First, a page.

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Water Softeners vs. Water Filters: What’s Right For My Home?

You know something is wrong with your water. It either smells, leaves stains or makes your skin feel dry and itchy. But what can you do about it? The water treatment market is full of products with confusing science that can leave you with more questions than you had to begin with. The first step toward finding the best water treatment system for your home is to identify the issues you’ve been noticing around your home. This will help you assess how severe the problem is and how to tackle it. When choosing between water softeners vs. water filters, take a look around your house and see if you recognize any of these symptoms:

Signs you have hard water:

  • Your dishes are spotted with residue, even after going through the dishwasher.
  • Your faucets and showerheads are coated with a white, crusty buildup.
  • You have dry, itchy skin all year round.
  • Your hair is flat and brittle.

Signs your water is contaminated: 

  • Your water smells musty, metallic, sulfuric or fishy.
  • Your water tastes bad.
  • You are located in an area with poor water quality.

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Water Softeners vs. Water Filters: What’s the Difference?

The difference between water softeners and water filters comes down to the type of contaminants you want to remove from your home’s water. Each system uses different technology to improve your water, so understanding the difference between the two is important before selecting a model for your home.

Water filters come in a variety of shapes and sizes, from pitchers, faucet and water bottle attachments, all the way up to a whole home water filtration system that treats water before it travels throughout your entire home. The terms water filters and water filtration systems are sometimes used interchangeably. For this article’s purpose, the water filters being referenced indicate installed water filtration systems rather than smaller pitchers and other low-cost, limited-use filters.

Water softeners remove hard water causing minerals like calcium and magnesium from your water. While technically both filters and softeners reduce certain levels of contaminants, softeners use salt to exchange the ions of calcium and magnesium, instead of simply trapping them with activated carbon or another kind of filtration media.

But which is better, a water softener or a water filter?

This is a common question, but the answer depends on your needs. A water filter reduces common—and potentially harmful—contaminants, providing healthier, better-tasting water. A water softener will remove the minerals that make your water hard, providing more comfortable, cleaner water that combats nagging hard water symptoms around the house. In some cases, it’s not an either or question—you may want both.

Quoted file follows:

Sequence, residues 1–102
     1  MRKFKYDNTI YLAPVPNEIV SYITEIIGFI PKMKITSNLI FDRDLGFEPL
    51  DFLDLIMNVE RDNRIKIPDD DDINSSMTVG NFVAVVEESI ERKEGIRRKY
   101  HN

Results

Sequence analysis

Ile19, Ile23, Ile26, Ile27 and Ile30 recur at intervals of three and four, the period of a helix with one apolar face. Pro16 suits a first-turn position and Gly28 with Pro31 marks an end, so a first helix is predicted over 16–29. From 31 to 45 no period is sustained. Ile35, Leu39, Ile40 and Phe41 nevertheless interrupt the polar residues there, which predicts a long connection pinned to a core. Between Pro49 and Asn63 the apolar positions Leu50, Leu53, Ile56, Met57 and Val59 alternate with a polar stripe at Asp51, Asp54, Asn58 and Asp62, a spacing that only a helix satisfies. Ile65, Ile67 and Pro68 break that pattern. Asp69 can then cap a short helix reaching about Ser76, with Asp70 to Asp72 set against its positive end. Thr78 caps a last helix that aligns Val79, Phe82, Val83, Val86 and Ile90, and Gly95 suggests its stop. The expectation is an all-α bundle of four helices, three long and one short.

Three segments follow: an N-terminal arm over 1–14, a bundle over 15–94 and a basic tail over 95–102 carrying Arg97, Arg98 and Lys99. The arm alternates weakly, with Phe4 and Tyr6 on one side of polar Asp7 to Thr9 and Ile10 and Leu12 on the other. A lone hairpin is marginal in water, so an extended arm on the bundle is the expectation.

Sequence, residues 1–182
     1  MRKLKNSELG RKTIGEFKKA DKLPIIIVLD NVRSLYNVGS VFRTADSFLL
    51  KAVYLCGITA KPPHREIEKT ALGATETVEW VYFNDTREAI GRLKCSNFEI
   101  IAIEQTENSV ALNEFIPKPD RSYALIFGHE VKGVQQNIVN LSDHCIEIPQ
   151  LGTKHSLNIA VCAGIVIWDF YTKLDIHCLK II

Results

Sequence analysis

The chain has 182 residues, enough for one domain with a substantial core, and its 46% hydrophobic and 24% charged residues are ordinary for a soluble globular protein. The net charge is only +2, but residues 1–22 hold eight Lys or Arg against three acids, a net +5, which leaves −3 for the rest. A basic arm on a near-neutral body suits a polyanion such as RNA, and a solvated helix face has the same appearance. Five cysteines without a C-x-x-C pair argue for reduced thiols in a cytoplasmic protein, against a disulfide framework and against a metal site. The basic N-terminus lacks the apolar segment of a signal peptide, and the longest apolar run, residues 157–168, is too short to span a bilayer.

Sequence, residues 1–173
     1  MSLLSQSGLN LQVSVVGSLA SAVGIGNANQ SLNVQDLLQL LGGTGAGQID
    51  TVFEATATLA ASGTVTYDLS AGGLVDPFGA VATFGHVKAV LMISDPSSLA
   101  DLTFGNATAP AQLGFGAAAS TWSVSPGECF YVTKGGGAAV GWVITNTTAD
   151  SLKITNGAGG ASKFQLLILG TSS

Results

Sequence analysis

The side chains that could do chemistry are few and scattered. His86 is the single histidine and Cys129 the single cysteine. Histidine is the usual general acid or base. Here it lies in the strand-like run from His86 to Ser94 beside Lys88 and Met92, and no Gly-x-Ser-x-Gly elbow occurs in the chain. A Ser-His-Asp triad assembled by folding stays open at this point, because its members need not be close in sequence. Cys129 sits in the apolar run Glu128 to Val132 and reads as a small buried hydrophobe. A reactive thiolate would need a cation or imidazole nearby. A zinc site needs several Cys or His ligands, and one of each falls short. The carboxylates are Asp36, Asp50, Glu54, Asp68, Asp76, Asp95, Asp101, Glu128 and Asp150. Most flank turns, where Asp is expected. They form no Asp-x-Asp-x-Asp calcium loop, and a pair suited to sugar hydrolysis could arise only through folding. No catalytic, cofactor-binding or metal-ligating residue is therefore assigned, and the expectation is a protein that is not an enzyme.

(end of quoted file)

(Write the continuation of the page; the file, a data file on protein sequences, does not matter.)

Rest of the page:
Choosing the Right Water Softener

If you’ve identified some of the common problems hard water is causing in your home, it’s time to find the best system for your needs. Using the ion-exchange technology through a salt brine tank, water softeners all are designed to reduce the level of hard minerals in your water. When selecting the right model for your home, you’ll need to assess the following:

Compare and contrast different kinds of water softening systems based on the items above to help you navigate the many options available.

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Choosing the Right Water Filtration System

Water filtration systems vary much more than water softeners. Depending on your water quality and your home’s needs, there are a few different options to consider when selecting a filtration system. Start with these basic categories and determine which will be the best fit for you.

Under sink water filtration

These filtration systems are a great option for people looking for high-quality water to cook, drink and eat with. As you can guess, they install directly under your sink and remove common contaminants – like lead and chlorine – that cause your water to smell and taste poorly, or worse, cause health problems. The types of under sink water filters vary in price and levels of filtration, so understanding the quality of your water will be critical in choosing the right filtration system. Under sink filters are simple to install and their compact designs don’t take up too much space in kitchen cabinets.

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Whole home water filtration

This type of filtration system is best suited for people who want to reduce contamination across the entire home, from drinking water to bath water. If you are struggling with severe water taste, smell or you’re aware of local contamination, a whole home filter is a great way to treat your water before you make contact with it.

To install a whole home filter, you will need to attach it to your home’s main water supply line so any contaminants or sediment will be stopped as soon as it travels into your home.

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Find the Right Water Solution for Your Home

Choosing between water softeners and water filters can seem daunting at first, especially with so many options to consider. But understanding what issues you’re currently experiencing at home and what goals you have for your water quality is a great way to determine which system to choose. Next, take time to learn more about each system and find the right solution for your home’s water.

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